The post, it appears, is very inconsistent: one letter takes two weeks to travel between Europe and Indonesia, another takes nearly six weeks. I can understand that there are difficulties along the way, that driving or boating out to the islands is not necessarily something that happens every single day, but I had hoped that delivery times would settle themselves down to a stable two to three weeks and remain so. That said, I am a very patient person when it comes to waiting for replies to my letters – I think only at the start of this year, when I was looking for a whole new batch of people to write to, did I allow any impatience to sneak in and wrote to several people before they had a chance to reply – and I need to have patience, since most of the people I write to do not necessarily have the funds for a letter – I write mainly to people who are incarcerated in the United States – or they cannot find the things to say in a letter and keep on putting off their replies. The record, so far, is a letter I received at the end of last week in reply to one of mine from the beginning of August, and that is not the fault of any post organisation.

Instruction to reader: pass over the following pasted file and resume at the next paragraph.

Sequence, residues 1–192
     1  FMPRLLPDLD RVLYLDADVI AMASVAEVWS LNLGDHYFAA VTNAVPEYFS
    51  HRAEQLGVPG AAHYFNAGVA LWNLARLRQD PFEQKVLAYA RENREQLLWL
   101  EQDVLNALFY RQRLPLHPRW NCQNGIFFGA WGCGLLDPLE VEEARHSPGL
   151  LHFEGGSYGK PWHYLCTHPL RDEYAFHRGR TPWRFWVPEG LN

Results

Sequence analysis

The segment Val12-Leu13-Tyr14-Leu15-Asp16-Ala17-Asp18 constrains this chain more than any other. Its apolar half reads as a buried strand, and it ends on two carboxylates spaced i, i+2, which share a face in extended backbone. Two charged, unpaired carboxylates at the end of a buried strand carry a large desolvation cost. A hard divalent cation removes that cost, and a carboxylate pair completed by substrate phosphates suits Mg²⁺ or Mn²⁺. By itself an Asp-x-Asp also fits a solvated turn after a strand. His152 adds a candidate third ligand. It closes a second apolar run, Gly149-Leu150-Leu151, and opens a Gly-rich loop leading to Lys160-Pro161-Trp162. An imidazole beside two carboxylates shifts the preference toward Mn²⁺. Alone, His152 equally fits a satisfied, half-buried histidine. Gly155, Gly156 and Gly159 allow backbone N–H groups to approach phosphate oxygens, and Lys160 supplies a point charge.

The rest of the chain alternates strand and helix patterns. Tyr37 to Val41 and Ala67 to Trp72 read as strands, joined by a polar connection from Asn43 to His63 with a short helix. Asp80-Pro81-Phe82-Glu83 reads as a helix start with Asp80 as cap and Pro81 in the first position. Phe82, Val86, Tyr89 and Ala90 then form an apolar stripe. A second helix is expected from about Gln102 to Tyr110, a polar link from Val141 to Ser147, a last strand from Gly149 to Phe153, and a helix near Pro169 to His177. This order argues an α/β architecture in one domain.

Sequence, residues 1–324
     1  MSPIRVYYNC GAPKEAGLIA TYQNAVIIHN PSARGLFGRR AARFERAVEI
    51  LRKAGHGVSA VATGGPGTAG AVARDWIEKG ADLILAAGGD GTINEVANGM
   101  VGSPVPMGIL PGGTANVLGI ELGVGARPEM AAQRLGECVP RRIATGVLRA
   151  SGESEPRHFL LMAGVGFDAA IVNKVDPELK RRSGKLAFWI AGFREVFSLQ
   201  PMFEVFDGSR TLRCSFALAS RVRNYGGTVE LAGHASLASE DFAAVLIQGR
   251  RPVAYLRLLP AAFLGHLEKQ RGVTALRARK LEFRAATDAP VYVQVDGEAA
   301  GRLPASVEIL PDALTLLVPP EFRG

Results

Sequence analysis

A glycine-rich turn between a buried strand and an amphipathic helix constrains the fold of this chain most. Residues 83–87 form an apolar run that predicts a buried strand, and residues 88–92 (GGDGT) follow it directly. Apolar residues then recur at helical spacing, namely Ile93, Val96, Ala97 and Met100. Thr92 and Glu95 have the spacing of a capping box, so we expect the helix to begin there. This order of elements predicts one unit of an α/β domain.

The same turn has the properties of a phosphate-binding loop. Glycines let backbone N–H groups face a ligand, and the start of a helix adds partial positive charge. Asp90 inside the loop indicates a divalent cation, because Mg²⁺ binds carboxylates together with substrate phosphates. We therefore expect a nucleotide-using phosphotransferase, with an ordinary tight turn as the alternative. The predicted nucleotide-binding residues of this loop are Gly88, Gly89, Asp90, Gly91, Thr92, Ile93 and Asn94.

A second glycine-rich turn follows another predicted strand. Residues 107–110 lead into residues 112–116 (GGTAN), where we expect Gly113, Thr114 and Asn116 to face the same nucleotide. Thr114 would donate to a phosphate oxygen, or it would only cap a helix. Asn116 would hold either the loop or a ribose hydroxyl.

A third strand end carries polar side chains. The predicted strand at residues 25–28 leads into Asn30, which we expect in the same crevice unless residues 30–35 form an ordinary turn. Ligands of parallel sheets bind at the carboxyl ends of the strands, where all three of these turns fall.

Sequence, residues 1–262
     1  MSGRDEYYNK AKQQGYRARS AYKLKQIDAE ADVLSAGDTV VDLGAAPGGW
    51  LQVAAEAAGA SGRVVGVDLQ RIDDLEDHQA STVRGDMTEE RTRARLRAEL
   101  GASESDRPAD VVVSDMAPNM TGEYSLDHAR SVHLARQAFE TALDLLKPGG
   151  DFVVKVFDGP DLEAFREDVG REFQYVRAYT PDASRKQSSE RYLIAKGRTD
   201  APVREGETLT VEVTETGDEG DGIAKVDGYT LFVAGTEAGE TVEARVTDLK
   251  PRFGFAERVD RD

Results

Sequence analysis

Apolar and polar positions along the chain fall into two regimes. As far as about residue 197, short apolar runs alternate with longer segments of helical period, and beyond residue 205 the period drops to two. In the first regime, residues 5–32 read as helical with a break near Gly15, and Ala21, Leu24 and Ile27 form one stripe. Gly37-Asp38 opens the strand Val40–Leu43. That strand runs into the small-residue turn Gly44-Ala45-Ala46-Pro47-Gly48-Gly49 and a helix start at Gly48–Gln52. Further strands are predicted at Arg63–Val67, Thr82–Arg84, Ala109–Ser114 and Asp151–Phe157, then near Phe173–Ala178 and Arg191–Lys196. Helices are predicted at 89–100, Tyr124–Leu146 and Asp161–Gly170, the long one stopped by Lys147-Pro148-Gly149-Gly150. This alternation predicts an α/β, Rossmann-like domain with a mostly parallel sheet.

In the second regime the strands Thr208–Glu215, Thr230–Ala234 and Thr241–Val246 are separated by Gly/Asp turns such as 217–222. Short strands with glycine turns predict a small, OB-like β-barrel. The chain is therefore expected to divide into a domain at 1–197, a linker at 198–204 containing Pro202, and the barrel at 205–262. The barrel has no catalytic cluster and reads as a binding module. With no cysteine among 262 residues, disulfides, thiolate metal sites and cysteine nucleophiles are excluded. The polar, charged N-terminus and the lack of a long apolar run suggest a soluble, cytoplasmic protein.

For those serving their terms of imprisonment a letter can be a lifeline, the only link they have to the outside world, to a world they wish to remain in touch with as best they can but, in many cases, will never see as a free person again. I make no comment on the rights and wrongs of their sentencing, merely feel something inside me when I know that some of these people, men and women, have been abandoned by those they thought closest, by their friends and families, as if they never existed. It is a hard blow for a person to weather, the discovery that a friend, a member of their own immediate family, can simply erase all memory of them and leave them alone without a word of explanation or consolation. Of course, we all know that it depends a great deal on the crime for which a person has been convicted, and that is one of the reasons why I don’t make any comment on whether it is right or wrong, merely that I seek the person inside to write to.